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Readers write

Tony Wolfe writes from Steinbach, Manitoba, Canada:

Swaggart is once again using his annoying self-righteousness to condemn a certain group of people ["Jimmy Swaggart tells congregation he'd kill gays," SojoMail 9/22/2004]. Has it really been that long ago when he was caught with a prostitute that he has forgotten his own abominations? When I hear stories like his desire to kill homosexuals it doesn't want to make me run from God as much as it makes me want to run from God's so-called people. This type of Religious Right thinking is scarier than anything else out there and I'm getting tired of telling people, "Yes, I'm a Christian, but I'm not one of those Christians."


Kenn Chaplin writes from Toronto, Ontario, Canada:

I'll lay out my biases up front: I am gay and I am Christian. Upon reading the headline for David Batstone's article my defensive reaction was to snicker. Swaggart's hypocrisy speaks for itself. Then, reading the transcript of his broadcast, I felt a chill. It was as if Swaggart, or any number of his giggling congregation, were beating me to the ground, kicking me in the stomach, and leaving me for dead, not unlike the highway robbers in the "good Samaritan" story. Not unlike the killers of Matthew Shepard or countless other victims of violence due to their sexual orientation. Thank you for providing an opportunity to e-mail a letter of protest.


Gordon Carmichael writes:

I will no longer contribute nor will I support Sojourners as long as you softly, gently rebuke that adulterous fornicator and blaspheming besmircher of Jesus' words and teaching, Swaggart, as well as make it only possible for me to sign a letter to Swaggart with the word "Sincerely." I feel nothing sincere about him. I have grown up being taught that Jesus has said to kill is forbidden by his Ten Commandments; that we are to love one another as he loves us; that we are not to judge! That you take such a mild and placating tone makes me furious - I will pray for Swaggart, but I will not condone his hate until he sincerely repents and asks our Lord for forgiveness publicly. You, as an entity, disappoint me greatly. I will keep you in my prayers as well.


Jake Culver writes from Portland, Oregon:

The brain-smut put forth by Mr. Swaggart is most certainly abominable. However, I'm not at all sure that writing to him has as much value as ignoring him. The best thing that Jimmy Swaggart could do for America is to keep talking. In short, writing him is tantamount to free publicity - which he is clearly desperate for. If he wants to scream til he turns blue, fine. If we're lucky, he'll scream louder. I think America is in far greater danger from the shroud of mystery surrounding the true aspirations of the pernicious, well-organized 700 Club - and the lack of exposure of the lengths they are willing to go to achieve them. If you ever organize a letter-writing campaign that attacks the vital nerve centers of those appropriating Christ's teachings for political manipulation and personal greed, let me know - I'll be right there. Jimmy is a case of athlete's foot: a mild one, at that.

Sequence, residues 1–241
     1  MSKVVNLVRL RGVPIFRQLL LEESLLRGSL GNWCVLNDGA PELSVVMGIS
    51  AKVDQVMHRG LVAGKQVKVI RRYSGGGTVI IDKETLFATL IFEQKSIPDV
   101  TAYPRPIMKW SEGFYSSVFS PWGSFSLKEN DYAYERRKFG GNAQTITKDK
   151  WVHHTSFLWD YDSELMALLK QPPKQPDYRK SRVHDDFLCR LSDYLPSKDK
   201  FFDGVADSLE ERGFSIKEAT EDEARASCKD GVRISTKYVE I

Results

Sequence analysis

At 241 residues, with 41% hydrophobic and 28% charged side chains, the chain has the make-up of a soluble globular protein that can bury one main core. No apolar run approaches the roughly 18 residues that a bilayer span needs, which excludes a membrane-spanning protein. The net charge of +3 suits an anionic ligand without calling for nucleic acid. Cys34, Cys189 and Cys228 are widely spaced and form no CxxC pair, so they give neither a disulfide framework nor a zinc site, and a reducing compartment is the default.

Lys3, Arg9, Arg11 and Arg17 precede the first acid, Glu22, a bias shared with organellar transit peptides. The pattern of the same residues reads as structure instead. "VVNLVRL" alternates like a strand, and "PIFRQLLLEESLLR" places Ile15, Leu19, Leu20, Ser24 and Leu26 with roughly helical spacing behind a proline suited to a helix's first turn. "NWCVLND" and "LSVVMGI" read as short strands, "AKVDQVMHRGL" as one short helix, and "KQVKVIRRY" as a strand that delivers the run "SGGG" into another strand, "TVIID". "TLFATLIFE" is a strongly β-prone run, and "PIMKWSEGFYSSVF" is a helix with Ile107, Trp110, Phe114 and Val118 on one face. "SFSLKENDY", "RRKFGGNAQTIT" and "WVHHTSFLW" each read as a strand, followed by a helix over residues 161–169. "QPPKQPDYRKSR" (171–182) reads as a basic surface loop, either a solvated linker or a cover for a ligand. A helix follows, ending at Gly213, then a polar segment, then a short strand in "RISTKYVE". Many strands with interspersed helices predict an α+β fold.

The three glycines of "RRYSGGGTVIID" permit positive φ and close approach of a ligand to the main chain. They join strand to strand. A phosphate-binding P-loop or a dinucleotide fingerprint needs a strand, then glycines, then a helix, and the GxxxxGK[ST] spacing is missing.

Hainds Laird, pastor of Spring Valley Bible Church, writes from Lawton, Oklahoma:

I appreciate both the Internet updates and articles as well as my subscription to your magazine. I am always challenged spiritually and intellectually. However, a disturbing thing is that I feel you paint with too broad a brush those who oppose gay marriage and support either a federal or state ban on such a practice. That is not a single issue with me or my church. We work with providing homeless families housing, we network with mainline churches on helping the poor, we open our building up to every group that wants to use it, from the Korean church to Girl Scouts to the local food co-op. In short, we are active in community projects, but still believe marriage should be between one man and one woman and that abortion should not be the law of the land. We work hand in hand with those who disagree, but please don't include us with the extremists who want to "kill gays" or shoot abortionists.


Boomerang is an open forum for all kinds of views that do not necessarily represent those of Sojourners. Want to make your voice heard? Include your name, hometown, and state/province/country in a concise e-mail to: We reserve the right to edit for length and clarity.